I agree with every single commenter – I do think we can find fulfillment in work. But like I hinted last time, I think a lot of us have it reversed. We’re looking for work that makes us feel most fulfilled; in reality, as Christians, we bring fulfillment to work by redeeming it. We’re not supposed to find work that’s fulfilling, we’re supposed to bring fulfillment to our work.
I’m basing a lot of this on a truly fantastic Tim Keller has sermon on work (extra fantastic because it’s one of the few sermons of his that are free) that I jived with a lot.
I see several problems with the assumption (and Leo may be right – this might be more a reflection of the circles I’m in than being common thought) that we’re supposed to find work that’s personally fulfilling. For one thing, it makes our attitude towards work primarily about what it does for us. That might seem the natural way to think of work. But that’s not the Biblical model. Keller sums that up in his first practical guideline in finding good work: how much it helps other people. The focus in finding and doing work should be on helping others, not benefiting ourselves. I think that gets lost because so many of us think of work as something that’s supposed to be personally fulfilling.
I actually feel like I even see this reversed mentality in churches. Sometimes people approach offices and roles with the best intentions, but thinking about what it will do for their personal growth, rather than focusing on how they can serve. I don’t think there’s any willfully ill intent. It’s just a reflection of how we’ve come to see jobs – vocational and otherwise – as being primarily about what we get from it or how we grow from it. And that’s not quite right.
Which isn’t to say that we shouldn’t look for jobs that we jive with. That’s actually Keller’s second practical guideline in choosing a job. However, he recognizes that that’s an ideal, and not always possible, and that the first practical principle – serving others – takes precedence. Furthermore, no matter what job you have, you can find a way to apply the first practical principle, to serve others. And that’s (partly) how we find fulfillment in work.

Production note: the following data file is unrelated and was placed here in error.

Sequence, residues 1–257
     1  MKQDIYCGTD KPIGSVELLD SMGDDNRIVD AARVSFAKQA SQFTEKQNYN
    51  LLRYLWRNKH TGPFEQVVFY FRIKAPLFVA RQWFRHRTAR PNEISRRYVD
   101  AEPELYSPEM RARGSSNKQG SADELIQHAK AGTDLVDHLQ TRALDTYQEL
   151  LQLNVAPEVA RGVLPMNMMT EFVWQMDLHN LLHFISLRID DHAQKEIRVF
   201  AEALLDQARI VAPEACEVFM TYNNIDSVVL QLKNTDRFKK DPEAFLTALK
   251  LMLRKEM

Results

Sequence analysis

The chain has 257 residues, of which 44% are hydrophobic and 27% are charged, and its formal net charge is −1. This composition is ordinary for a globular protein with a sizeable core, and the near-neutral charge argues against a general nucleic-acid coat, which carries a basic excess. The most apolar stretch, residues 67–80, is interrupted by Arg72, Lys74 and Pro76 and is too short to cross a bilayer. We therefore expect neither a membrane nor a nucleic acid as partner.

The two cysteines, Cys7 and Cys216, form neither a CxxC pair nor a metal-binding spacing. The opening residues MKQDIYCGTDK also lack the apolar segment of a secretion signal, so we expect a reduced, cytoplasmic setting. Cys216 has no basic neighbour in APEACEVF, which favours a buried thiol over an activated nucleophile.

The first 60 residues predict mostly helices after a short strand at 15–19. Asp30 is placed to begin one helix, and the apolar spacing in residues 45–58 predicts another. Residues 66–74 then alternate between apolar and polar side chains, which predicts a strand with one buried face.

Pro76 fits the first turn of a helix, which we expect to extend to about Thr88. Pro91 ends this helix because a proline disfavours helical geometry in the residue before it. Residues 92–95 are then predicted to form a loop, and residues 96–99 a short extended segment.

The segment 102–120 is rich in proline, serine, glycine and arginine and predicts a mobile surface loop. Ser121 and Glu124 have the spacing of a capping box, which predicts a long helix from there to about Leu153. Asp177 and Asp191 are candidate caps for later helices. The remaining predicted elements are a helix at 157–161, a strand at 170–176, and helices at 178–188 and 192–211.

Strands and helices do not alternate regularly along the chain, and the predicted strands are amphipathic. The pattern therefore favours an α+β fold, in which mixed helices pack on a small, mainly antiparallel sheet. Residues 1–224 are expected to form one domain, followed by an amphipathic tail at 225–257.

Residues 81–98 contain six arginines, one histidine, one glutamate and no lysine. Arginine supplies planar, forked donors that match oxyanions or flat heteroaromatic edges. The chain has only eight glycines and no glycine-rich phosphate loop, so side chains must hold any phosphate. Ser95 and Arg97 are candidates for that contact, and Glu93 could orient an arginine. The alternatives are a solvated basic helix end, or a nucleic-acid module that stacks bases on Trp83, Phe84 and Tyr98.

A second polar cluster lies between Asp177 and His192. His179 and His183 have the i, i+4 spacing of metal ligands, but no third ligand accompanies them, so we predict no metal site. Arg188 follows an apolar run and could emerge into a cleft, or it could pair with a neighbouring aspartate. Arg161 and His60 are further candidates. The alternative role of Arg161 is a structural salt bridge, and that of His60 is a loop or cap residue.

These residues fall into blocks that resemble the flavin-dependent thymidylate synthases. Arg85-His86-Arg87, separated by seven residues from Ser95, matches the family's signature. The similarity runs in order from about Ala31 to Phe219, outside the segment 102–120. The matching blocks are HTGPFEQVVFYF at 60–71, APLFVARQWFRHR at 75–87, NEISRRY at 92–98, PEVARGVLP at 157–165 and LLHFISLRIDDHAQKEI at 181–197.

I also think he has a lot of insight as to why it’s bad when work is where we try to get fulfillment (as opposed to bringing fulfillment to it). He warns against finding our identity in work, because then work either becomes too important in our lives or too unimportant. When it becomes too important, we burn out. On the other extreme, if we can’t handle it, we just don’t care and it becomes too unimportant, and it work just becomes a paycheck. I feel like I see this in my peers a lot, even in myself to some degree. Gyrating from being too into work and burning out, and not caring at all, being cynical, and looking for the next thing.
The greatest irony that Keller points out is that as long as we try to find personal fulfillment in work, we won’t get fulfillment. It’s only when we make work about God, about others, and about the work itself that we can find fulfillment.
I’m not doing justice to his sermon at all, so definitely listen. It’s helped me frame a lot of my thinking in regards to work. I feel sad that so many of my peers seem to be unsatisfied with their work and are looking for the right job for them. It’s good and right to look. But as long as we make work about finding personal fulfillment, we’ll never get it.